US vice-presidential debate: In clash with Kaine, did Pence let down Trump?
The vice presidential debate ended up being more about the Republican presidential candidate Donald Trump than about anybody, and his running mate Mike Pence was left largely defending Trump and his controversies.us presidential election Updated: Oct 05, 2016 17:15 IST
The vice-presidential debate was never going to be about them, both Tim Kaine, the Democratic nominee, and Mike Pence, the Republican, must have known. It was to be about their respective running mates. And so it was.
And mostly about Donald Trump, who Pence was pushed to defend by a combative Kaine again, and on an entire range of issues — from his refusal to release his tax returns to not paying taxes at all to remarks about women, Mexicans, Muslims, African Americans, nuclear bombs, and Vladimir Putin.
Silver-haired Pence, who was such a contrast to Trump in style, manners and demeanour, gave back as well, bringing up Clinton's use of email server, the Clinton Foundation and her record as secretary of state. That was expected.
While the outcome of Tuesday will be debated for days to come, based on polls, a narrative had begun to take shape clearly with a few minutes of the candidates leaving the stage — Pence, who had clearly impressed everyone, had not been an effective defender of his running mate.
"Pence: Effective in prosecuting a case against HRC (short for Hillary Rodham Clinton) . Less effective defending Trump," wrote Stephen Hayes of the right-leaning Weekly Standard in a tweet.
"Mike Pence won. Donald Trump lost," wrote The Vox's Ezra Klein in a tweet linking to a story that expanded that theme broadly to argue that the VP candidate made a great case for himself by throwing Trump under the bus.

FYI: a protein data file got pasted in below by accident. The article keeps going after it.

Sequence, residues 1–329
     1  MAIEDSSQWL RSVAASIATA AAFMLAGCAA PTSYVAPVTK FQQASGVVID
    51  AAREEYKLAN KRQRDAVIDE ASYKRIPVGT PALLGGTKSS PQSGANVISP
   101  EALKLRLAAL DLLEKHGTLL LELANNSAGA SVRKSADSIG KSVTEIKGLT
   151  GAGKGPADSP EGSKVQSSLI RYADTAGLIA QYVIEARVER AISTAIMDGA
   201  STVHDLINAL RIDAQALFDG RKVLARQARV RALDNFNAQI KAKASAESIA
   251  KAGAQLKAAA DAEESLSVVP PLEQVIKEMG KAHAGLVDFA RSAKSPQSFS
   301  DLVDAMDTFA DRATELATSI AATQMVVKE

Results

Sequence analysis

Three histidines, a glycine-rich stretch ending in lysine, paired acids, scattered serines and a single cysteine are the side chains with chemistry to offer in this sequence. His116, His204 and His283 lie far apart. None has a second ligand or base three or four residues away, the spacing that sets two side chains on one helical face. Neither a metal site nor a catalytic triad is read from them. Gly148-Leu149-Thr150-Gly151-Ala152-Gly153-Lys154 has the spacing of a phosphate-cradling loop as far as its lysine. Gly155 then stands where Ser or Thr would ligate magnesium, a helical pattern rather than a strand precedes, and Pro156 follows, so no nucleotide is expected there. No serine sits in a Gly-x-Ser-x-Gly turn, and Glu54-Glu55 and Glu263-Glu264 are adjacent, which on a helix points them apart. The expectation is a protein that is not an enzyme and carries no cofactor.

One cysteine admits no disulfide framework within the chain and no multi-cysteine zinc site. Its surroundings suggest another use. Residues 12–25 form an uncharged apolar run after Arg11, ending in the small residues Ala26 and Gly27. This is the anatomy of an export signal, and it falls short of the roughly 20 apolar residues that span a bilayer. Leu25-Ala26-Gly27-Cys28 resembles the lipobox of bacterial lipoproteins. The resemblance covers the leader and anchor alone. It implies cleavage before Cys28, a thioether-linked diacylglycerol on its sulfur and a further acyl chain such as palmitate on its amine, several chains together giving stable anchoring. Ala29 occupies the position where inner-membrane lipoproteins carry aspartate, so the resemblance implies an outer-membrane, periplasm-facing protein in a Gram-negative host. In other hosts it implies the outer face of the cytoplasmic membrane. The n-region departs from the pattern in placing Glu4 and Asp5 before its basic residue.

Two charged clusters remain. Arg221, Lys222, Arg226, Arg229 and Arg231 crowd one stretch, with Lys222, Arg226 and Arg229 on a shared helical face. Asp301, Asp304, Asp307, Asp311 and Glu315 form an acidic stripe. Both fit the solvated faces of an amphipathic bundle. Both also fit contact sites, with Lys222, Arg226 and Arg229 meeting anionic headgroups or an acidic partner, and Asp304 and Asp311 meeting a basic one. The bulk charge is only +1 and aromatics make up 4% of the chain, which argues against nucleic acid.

Here is how exchange played out. "Donald Trump cannot start a Twitter war with Miss Universe without shooting himself in the foot," Kaine said in a broadside on Trump'a foreign policy.
"He does not have a plan. He said, 'I have a secret plan', and then he said, 'I know more than all the generals about ISIL (another name for Islamic State)', and finally he said, 'I am going to fire all the generals'. He does not have a plan. He trash talks the military, John McCain is no hero, the generals need to be fired, I know more than them. NATO is obsolete."
Kaine continued, seemingly reading from a well rehearsed script scrolling down the back of his head, reprising known campaign attack lines, and adding few — "He has a personal Mount Rushmore of Vladimir Putin, Kim Jong-un, and Saddam Hussein".
After a few more of those, Kaine stopped, and invited Pence to respond, who, shot back, brightly, "that had a lot of creative lines in it", and proceeded to offer a response that was a standard Republican critique of President Barack Obama's foreign policy — and by extension of Clinton, his one-time secretary of state.
But he did not defend Trump, not adequately enough.
Pence did try valiantly to push back on occasions — on taxes and abortion, in one instance saying Trump was not a politician, but was mostly just shaking his head as if that would be enough. It wasn't.
Kaine, on the other hand, was the quintessential running mate. He defended Clinton vigorously on her private email server, Clinton Foundation, untrustworthiness and turned each attack into an opportunity to hand Pence something else to defend.
Both camps claimed victory at the end — Trump tweeted out his verdict within seconds of the debate — "Mike Pence won big. We should all be proud of Mike!" — but will have to wait for polls, and not online snap polls, for a clearer picture.
And, Trump himself may change his mind once he sees the reporting.